Sports psychologists emphasize the importance of rest routines to enhance performance. In their landmark Harvard Business Review article, The Making of a Corporate Athlete, performance psychologist Jim Loehr and his partner Tony Schwartz took their experience working with world-class athletes and applied this formula to high level executives.

They found that the highest performing leaders need the same intermittent and disciplined recovery routines as those of world class athletes. This is what allows them to sustain high performance over the long haul—an optimal rhythm between work and rest.

When people feel strong and resilient—physically, mentally, emotionally, and spiritually—they perform better, with more passion, for longer. They win, their families win, and the corporations that employ them win.”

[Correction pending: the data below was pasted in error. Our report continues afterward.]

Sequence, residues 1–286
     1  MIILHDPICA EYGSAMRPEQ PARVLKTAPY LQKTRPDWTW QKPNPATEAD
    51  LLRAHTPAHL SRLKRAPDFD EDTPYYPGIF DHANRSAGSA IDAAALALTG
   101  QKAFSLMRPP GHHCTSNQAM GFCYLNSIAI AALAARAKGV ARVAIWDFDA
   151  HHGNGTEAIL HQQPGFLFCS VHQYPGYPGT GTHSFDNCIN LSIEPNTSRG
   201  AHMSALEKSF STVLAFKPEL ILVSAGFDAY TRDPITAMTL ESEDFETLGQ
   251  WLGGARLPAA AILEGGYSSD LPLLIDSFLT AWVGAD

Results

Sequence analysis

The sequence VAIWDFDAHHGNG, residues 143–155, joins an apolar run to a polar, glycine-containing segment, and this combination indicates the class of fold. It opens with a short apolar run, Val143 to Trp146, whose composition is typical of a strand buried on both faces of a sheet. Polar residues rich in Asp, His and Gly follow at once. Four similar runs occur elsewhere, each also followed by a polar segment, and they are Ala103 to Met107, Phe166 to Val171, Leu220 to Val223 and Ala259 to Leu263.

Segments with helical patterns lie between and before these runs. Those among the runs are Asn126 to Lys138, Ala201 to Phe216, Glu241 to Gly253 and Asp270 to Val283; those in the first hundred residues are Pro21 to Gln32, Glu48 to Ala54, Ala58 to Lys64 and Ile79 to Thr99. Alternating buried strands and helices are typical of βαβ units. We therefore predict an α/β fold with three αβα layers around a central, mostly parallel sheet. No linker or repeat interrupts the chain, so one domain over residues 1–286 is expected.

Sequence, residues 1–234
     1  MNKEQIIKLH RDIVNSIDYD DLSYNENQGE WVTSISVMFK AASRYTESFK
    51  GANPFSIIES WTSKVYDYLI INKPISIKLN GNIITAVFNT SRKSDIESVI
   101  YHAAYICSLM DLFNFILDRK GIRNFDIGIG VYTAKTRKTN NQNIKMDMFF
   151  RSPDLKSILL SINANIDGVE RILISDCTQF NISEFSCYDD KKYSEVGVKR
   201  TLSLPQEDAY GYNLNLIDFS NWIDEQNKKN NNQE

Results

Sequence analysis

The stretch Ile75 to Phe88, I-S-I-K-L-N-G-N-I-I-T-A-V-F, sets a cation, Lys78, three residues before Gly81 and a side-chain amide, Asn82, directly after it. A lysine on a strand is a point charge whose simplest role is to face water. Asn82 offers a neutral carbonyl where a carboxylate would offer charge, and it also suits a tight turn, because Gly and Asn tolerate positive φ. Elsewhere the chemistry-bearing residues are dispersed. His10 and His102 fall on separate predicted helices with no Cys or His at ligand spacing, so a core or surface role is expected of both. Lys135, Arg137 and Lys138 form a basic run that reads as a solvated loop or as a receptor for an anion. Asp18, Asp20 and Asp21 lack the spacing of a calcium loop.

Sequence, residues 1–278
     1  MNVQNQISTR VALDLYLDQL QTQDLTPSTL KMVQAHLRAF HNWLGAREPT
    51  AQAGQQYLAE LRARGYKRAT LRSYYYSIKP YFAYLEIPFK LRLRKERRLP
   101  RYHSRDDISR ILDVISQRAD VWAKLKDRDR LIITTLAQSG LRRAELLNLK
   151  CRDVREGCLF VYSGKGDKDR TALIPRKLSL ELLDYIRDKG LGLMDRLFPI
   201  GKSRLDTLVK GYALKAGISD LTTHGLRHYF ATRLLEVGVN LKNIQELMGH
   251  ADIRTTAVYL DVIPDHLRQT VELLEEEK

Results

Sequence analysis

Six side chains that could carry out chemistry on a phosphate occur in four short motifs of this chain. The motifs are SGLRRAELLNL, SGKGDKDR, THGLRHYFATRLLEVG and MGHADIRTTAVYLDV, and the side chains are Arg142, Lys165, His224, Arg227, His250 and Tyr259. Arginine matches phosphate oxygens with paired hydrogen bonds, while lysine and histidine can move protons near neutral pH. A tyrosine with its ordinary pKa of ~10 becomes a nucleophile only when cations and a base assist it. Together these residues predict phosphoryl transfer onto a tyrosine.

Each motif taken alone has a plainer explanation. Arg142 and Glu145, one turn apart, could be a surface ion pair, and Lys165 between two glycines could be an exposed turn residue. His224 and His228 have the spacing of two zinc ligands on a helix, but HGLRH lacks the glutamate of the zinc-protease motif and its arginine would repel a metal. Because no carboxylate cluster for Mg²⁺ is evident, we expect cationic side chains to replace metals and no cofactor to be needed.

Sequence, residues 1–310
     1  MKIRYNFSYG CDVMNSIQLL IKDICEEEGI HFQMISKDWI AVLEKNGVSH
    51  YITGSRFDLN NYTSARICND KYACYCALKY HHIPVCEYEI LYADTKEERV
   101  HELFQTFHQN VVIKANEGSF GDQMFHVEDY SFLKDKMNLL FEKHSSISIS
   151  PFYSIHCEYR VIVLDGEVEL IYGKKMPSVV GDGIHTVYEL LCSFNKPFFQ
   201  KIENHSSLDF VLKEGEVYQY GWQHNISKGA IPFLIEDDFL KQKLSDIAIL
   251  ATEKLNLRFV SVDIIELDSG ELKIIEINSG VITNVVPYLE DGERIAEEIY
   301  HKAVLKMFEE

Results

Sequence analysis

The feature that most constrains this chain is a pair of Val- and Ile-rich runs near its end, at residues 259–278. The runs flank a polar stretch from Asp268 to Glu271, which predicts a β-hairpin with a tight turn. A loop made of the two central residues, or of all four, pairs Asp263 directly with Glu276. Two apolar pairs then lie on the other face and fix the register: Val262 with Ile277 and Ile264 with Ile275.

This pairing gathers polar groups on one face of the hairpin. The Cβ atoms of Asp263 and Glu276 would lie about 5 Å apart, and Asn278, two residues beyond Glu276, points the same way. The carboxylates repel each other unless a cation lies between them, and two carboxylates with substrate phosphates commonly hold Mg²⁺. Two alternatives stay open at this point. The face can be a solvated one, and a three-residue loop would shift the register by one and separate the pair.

(Loehr and Schwartz, 2001)

Here is some more of my favorite research on this topic:

  • The Data Driven Case for Vacation (Harvard Business Review 2016)55% of Americans don’t use their vacation time, that’s 658 million unused vacation days annually. In this article, the data shows that people who take 11 or more vacation days a year are 30% more likely to receive a raise! When you take vacations you improve your odds of a promotion and a raise, your health and family relationship get better, and your stress goes down. Why wouldn’t you use your vacation then!?